Medications and Drugs
Brand Names: Danocrine
Generic Name: danazol (Pronunciation: DAN a zol)
What is danazol (Danocrine)?
Danazol is a man-made form of a steroid. Danazol affects the ovaries and pituitary gland and prevents the release of certain hormones in the body.
Danazol is used to treat endometriosis and fibrocystic breast disease. Danazol is also used to prevent attacks of angioedema in people with an inherited form of this disorder.
Danazol may also be used for other purposes not listed in this medication guide.
Danazol 100 mg-BAR
yellow, imprinted with barr, 634
Danazol 200 mg-BAR
orange/yellow, imprinted with barr, 635
Danazol 50 mg-BAR
white/yellow, imprinted with barr, 633
What are the possible side effects of danazol (Danocrine)?
Get emergency medical help if you have any of these signs of an allergic reaction: hives; difficulty breathing; swelling of your face, lips, tongue, or throat.
Call your doctor at once if you have any of these serious side effects:
Less serious side effects may include:
This is not a complete list of side effects and others may occur. Tell your doctor about any unusual or bothersome side effect. You may report side effects to FDA at 1-800-FDA-1088.
What is the most important information I should know about danazol (Danocrine)?
You should not use this medication if you are allergic to danazol, or if you have porphyria, or severe problems with your heart, liver, or kidney. You also should not take danazol if you are pregnant or breast-feeding, or if you have abnormal vaginal bleeding that has not been checked by a doctor.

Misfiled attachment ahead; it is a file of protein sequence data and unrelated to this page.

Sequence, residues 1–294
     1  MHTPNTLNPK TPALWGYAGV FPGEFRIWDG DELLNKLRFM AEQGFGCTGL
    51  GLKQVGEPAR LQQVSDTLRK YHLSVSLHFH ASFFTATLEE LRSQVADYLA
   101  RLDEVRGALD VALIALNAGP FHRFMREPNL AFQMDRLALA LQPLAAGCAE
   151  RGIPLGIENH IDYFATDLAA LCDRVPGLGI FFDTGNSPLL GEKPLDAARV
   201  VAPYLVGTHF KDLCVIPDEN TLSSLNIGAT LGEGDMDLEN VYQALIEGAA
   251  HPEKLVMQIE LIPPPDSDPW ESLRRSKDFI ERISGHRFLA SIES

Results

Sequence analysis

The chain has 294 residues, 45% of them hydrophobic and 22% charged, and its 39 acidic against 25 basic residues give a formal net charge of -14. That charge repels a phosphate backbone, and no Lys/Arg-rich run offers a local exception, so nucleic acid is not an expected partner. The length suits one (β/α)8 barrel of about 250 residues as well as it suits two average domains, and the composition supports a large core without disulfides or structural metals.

This medication can cause birth defects. Do not use if you are pregnant.
Before you start taking danazol, you may need to have a pregnancy test to make sure you are not pregnant.
Use an effective barrier form of birth control (such as a condom or diaphragm with spermicide gel or inserts). Hormonal forms of contraception (such as birth control pills, injections, implants, skin patches, and vaginal rings) may not be effective enough to prevent pregnancy during your treatment.
Your medication needs may change if you have unusual stress such as a serious illness, fever or infection, or if you have surgery or a medical emergency. Tell your doctor about any such situation that affects you.
Call your doctor at once if you have a serious side effect such as sudden numbness or weakness, problems with vision or speech, chest pain, sudden cough, or wheezing, swelling, rapid weight gain, feeling short of breath, ringing in your ears, dizziness, nausea, pain behind your eyes, stomach pain and loss of appetite, dark urine, or jaundice (yellowing of the skin or eyes).
Report Problems to the Food and Drug Administration
You are encouraged to report negative side effects of prescription drugs to the FDA. Visit the FDA MedWatch website or call 1-800-FDA-1088.
Need help identifying pills and medications?
Women's Health Resources
- Symptoms of a Severe Allergic Reaction
- Breast Cancer Treatment Options
- Is Your Body Ready for Pregnancy?